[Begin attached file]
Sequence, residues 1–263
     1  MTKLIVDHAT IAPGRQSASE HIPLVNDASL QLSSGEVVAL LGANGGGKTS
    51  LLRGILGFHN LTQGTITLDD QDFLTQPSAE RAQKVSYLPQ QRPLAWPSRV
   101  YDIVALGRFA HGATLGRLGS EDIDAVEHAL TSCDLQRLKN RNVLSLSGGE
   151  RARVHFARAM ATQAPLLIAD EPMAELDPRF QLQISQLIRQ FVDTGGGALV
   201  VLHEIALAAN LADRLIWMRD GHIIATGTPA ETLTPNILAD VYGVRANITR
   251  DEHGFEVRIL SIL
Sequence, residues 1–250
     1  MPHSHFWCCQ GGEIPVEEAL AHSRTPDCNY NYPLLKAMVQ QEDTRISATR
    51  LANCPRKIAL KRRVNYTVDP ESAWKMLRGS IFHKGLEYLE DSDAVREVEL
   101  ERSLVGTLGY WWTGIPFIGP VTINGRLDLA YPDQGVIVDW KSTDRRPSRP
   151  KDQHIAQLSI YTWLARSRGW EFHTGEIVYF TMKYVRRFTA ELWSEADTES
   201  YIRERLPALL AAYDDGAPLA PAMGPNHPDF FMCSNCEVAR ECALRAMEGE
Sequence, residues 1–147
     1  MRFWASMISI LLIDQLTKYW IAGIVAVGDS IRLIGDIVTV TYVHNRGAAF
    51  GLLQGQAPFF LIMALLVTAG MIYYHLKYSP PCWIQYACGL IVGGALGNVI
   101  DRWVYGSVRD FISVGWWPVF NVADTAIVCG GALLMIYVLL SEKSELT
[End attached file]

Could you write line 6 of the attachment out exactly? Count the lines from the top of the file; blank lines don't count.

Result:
   201  VLHEIALAAN LADRLIWMRD GHIIATGTPA ETLTPNILAD VYGVRANITR